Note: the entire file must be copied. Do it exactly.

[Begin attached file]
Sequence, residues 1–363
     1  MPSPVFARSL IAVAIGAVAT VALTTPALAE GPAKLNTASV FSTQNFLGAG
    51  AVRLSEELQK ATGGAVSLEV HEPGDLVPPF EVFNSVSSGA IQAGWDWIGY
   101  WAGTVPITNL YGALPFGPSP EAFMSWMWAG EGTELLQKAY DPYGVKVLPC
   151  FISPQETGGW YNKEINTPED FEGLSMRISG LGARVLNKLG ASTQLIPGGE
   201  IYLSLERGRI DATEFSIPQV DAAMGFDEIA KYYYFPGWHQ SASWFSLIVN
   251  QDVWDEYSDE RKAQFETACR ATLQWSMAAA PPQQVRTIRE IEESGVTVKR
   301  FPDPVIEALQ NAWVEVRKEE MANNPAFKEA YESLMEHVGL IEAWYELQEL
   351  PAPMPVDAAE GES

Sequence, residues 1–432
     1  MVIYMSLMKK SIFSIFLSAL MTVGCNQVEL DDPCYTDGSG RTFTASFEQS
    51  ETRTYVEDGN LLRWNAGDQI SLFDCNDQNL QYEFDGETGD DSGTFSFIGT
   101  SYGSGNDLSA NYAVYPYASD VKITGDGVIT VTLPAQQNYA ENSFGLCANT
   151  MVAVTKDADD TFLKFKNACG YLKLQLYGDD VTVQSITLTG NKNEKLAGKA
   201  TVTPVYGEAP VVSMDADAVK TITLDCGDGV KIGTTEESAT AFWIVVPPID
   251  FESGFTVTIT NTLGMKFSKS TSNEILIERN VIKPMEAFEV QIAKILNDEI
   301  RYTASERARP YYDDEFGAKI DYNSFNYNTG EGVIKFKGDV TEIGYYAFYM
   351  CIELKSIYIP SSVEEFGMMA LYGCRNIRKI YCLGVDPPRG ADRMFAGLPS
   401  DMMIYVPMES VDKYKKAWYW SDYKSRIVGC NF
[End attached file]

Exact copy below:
Sequence, residues 1–363
     1  MPSPVFARSL IAVAIGAVAT VALTTPALAE GPAKLNTASV FSTQNFLGAG
    51  AVRLSEELQK ATGGAVSLEV HEPGDLVPPF EVFNSVSSGA IQAGWDWIGY
   101  WAGTVPITNL YGALPFGPSP EAFMSWMWAG EGTELLQKAY DPYGVKVLPC
   151  FISPQETGGW YNKEINTPED FEGLSMRISG LGARVLNKLG ASTQLIPGGE
   201  IYLSLERGRI DATEFSIPQV DAAMGFDEIA KYYYFPGWHQ SASWFSLIVN
   251  QDVWDEYSDE RKAQFETACR ATLQWSMAAA PPQQVRTIRE IEESGVTVKR
   301  FPDPVIEALQ NAWVEVRKEE MANNPAFKEA YESLMEHVGL IEAWYELQEL
   351  PAPMPVDAAE GES

Sequence, residues 1–432
     1  MVIYMSLMKK SIFSIFLSAL MTVGCNQVEL DDPCYTDGSG RTFTASFEQS
    51  ETRTYVEDGN LLRWNAGDQI SLFDCNDQNL QYEFDGETGD DSGTFSFIGT
   101  SYGSGNDLSA NYAVYPYASD VKITGDGVIT VTLPAQQNYA ENSFGLCANT
   151  MVAVTKDADD TFLKFKNACG YLKLQLYGDD VTVQSITLTG NKNEKLAGKA
   201  TVTPVYGEAP VVSMDADAVK TITLDCGDGV KIGTTEESAT AFWIVVPPID
   251  FESGFTVTIT NTLGMKFSKS TSNEILIERN VIKPMEAFEV QIAKILNDEI
   301  RYTASERARP YYDDEFGAKI DYNSFNYNTG EGVIKFKGDV TEIGYYAFYM
   351  CIELKSIYIP SSVEEFGMMA LYGCRNIRKI YCLGVDPPRG ADRMFAGLPS
   401  DMMIYVPMES VDKYKKAWYW SDYKSRIVGC NF